Minnie’s Mincemeat Cake


It is mincemeat season. Mincemeat smells like Thanksgiving and Christmas together, spicy, rich, and redolent of the holidays and this is the season to make it while there are fresh apples available, and, if you are lucky enough to have hunter in your midst, venison, especially neck meat. Make it now and by the holidays all the flavors will have had time to meld and mellow out, ready for pies, tarts, or for this lovely cake.

Minnie McCormick in Dover-Foxcroft sent me this recipe a while back, along with her mincemeat recipe and promised myself I’d use it in the fall when you can make it with mincemeat you can buy, in case you don’t make your own. Starting about now in grocery stores you can find commercially made jars of the kind that has no meat in it anymore, or the condensed sort that still does, though not much.

Mincemeat is practically an ancient recipe. In past times, mincemeat was one way to preserve meat following fall butchering. Suet and beef chopped finely put stray bits of tough meat to good use. Some of the earliest recipes I’ve seen call for beef tongue; and wherever hunting was and is part of the local culture, venison. Mincemeat always struck me as an early form of convenience food. Make up a crock of it, keep it in a cold pantry or in the cellar, and whenever you needed a pie, the filling was made and all ready to be spooned into a pastry lined pan. Now we tend to can it, and a quart of mincemeat makes one fine pie.

Minnie uses venison neck in her mincemeat. She wrote, “One small deer neck will make a batch,” and she allowed that one can use “chunks of old steak.” I’ve used chuck.

In Maine I first ran into mincemeat recipes calling for a “bowl” as a unit of measure. My dental hygienist, Sonia Gilbert of Dexter, Maine, first told me about it. Her grandmother, Nanny, used to measure out mincemeat ingredients by the bowlful. Then here on Islesboro I picked up another by-the-bowl recipe, this one used by famed cook, Edna Durkee. The question someone always asks is, what size bowl, though as long as the cook uses the same bowl you can keep all the ingredients in proportion.

I envision a pudding bowl, about a quart. Then all the rest of the ingredients are to taste, really, as you add cloves, cinnamon, and nutmeg, sweetening it with molasses or white or brown sugar. Maine recipes often call for a cup of coffee, historic recipes call for brandy, which promoted preservation. Raisins and apples are a must, and cider is common.  A lot of more modern recipes call for butter while historic recipes called for bits off butter added to the pie just before baking. Suet used to be required though I see modern recipes call for it less frequently.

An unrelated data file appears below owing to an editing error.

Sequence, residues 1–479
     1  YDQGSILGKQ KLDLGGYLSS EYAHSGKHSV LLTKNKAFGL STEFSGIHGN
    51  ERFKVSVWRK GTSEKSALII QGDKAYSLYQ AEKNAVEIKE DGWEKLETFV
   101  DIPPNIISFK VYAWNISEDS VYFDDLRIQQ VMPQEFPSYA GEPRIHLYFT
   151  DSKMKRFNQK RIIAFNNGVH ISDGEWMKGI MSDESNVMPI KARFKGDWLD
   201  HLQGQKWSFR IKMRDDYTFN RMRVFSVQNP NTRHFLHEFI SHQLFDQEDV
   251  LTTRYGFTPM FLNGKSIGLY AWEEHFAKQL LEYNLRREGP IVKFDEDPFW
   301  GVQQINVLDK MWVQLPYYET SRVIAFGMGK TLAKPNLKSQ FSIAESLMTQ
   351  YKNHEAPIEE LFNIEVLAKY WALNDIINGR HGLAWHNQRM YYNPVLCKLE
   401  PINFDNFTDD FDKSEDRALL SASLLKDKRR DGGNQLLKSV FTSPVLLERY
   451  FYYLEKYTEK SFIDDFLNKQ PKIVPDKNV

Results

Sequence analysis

You could invent your own mincemeat recipe. Then, when you have made it and given it a week or so to season, use Minnie’s terrific cake recipe for an autumn treat. She says you can turn this into fruit cake by adding dates and nuts. Her recipe calls for canned milk, but you could use half-n-half. The cake doesn’t need frosting though if you hankered for it, a vanilla or lemon one would work, as would cream cheese frosting. I made my trial cake in a round pan, but Minnie says the recipe makes one regular loaf or five mini-loaves.

Minnie's Mincemeat Cake
  • 1 cup sugar
  • ½ cup shortening or butter (one stick)
  • 1 egg
  • 1 tablespoon vinegar
  • ½ cup canned milk or half-n-half
  • 1 teaspoon baking soda
  • 1½ cups flour
  • ½ teaspoon vanilla
  • 1 cup mincemeat
  1. Preheat the oven to 350 degrees and grease a 9x5 loaf pan or 10 inch round cake pan.
  2. Cream together the sugar and shortening or butter.
  3. Beat in one egg.
  4. Put the vinegar into the milk, and then add the baking soda to the milk.
  5. Add the milk mixture alternately with the flour to the butter and sugar mixture.
  6. Add the vanilla.
  7. Mix well, then add the mincemeat and incorporate it thoroughly.
  8. Pour into the greased pan and bake for forty-five minutes or until a tester inserted comes out clean.


Sandy Oliver

About Sandy Oliver

Sandy Oliver Sandy is a freelance food writer with the column Taste Buds appearing weekly since 2006 in the Bangor Daily News, and regular columns in Maine Boats, Homes, and Harbors magazine and The Working Waterfront. Besides freelance food writing, she is a pioneering food historian beginning her work in 1971 at Mystic Seaport Museum, where she developed a fireplace cooking program in an 1830s house. After moving to Maine in 1988, Sandy wrote, Saltwater Foodways: New Englanders and Their Foods at Sea and Ashore in the 19th Century published in 1995. She is the author of The Food of Colonial and Federal America published in fall of 2005, and Giving Thanks: Thanksgiving History and Recipes from Pilgrims to Pumpkin Pie which she co-authored with Kathleen Curtin. She often speaks to historical organizations and food professional groups around the country, organizes historical dinners, and conducts classes and workshops in food history and in sustainable gardening and cooking. Sandy lives on Islesboro, an island in Penobscot where she gardens, preserves, cooks and teaches sustainable lifeways.